For most of the summer I’ve not been focusing on going to France. I wanted to focus on having a good time here with my boyfriend, friends and family and not think about going away again. 

I’ve also been neglecting my French learning as I’ve been busy with work and enjoying my summer. So I’ve finally started properly preparing for my move to France. I’ve made contact with the school I’ll be working in, (kinda) sorted my accommodation and made a rough plan for getting to Besançon. 

I decided to try and practice my French a lot more proactively during my last month here. I listen to French YouTube videos and podcasts as I  work and I’ve started a new French series on Netflix.

Less than a month to go! 

The best commute

I am definitely not a morning person. When  my numerous alarms go off all I want to do is snuggle back under the covers and sleep. Eventually I drag myself out of bed and get ready for work and sleepily set off on my 10 minute walk to work. I do feel lucky that my ‘commute’ – if you can even call it that – is so short. I feel even luckier that whilst walking to work I get to see the most beautiful views. And, as my job involves cleaning cottages around the island, I get to see the most gorgeous views as I walk to each cottage. Here are a few pics I’ve taken on my way to/at work:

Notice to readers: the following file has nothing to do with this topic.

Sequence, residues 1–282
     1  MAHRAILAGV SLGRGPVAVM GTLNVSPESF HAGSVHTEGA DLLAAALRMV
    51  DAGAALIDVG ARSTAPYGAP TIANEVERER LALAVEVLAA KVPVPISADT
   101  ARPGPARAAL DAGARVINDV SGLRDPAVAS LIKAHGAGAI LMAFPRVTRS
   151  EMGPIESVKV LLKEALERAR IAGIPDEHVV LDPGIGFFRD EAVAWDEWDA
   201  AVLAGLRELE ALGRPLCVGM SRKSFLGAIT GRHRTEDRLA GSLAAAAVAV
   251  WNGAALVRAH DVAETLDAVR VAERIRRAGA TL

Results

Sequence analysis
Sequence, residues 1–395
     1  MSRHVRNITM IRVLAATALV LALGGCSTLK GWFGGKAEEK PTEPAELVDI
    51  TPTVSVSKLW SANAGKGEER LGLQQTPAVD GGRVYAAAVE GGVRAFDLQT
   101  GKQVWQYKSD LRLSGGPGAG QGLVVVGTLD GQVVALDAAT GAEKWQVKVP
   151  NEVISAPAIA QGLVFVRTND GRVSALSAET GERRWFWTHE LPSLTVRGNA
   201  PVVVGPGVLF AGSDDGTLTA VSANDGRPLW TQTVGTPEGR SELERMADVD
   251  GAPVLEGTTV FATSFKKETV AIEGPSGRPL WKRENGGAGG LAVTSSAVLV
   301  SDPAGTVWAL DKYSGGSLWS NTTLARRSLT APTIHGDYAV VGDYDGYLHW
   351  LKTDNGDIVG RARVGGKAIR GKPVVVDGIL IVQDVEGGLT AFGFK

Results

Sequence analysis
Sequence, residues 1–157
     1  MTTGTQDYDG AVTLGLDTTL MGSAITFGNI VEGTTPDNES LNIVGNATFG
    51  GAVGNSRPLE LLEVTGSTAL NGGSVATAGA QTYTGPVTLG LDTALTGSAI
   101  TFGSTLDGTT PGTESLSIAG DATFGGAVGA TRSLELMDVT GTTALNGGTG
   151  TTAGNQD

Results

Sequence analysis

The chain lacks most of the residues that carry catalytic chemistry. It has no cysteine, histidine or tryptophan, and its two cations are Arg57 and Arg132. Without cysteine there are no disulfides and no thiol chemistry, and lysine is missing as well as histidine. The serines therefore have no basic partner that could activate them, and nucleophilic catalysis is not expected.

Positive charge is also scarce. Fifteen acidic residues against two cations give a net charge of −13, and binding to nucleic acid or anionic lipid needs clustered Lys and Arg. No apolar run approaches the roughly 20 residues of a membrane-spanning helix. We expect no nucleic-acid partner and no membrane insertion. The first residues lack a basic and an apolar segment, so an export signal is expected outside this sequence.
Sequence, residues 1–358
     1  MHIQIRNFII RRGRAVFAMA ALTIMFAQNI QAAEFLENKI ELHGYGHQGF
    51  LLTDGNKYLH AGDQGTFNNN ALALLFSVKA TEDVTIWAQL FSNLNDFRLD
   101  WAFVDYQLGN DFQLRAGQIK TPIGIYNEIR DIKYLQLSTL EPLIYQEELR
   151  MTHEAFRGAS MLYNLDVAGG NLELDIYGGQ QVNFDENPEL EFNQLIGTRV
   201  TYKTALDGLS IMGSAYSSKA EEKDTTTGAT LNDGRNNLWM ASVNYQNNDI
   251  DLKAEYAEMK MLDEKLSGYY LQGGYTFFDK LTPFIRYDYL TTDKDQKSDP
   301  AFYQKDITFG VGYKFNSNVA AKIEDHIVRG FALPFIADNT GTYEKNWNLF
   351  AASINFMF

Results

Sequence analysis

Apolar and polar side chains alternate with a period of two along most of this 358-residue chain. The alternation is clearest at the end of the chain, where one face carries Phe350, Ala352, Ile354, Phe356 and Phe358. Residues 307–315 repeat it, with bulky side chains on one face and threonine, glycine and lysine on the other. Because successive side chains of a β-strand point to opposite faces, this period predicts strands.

I live in paradise

The Isles of Scilly is the most beautiful place I have ever been. It’s also one of England’s best kept secrets. Whilst the archipelago off the coast of Cornwall thrives off tourism, I’m always surprised when I meet someone who, when they ask me where I’m from, doesn’t respond: ‘is that in Italy?’, or something of the kind.

I moved here when I was four years old, so I consider myself to be from Scilly, as the majority of my memories of growing up were made here. The only problem with growing up in such a beautiful place is that you become used to your surroundings and often forget how incredible they are.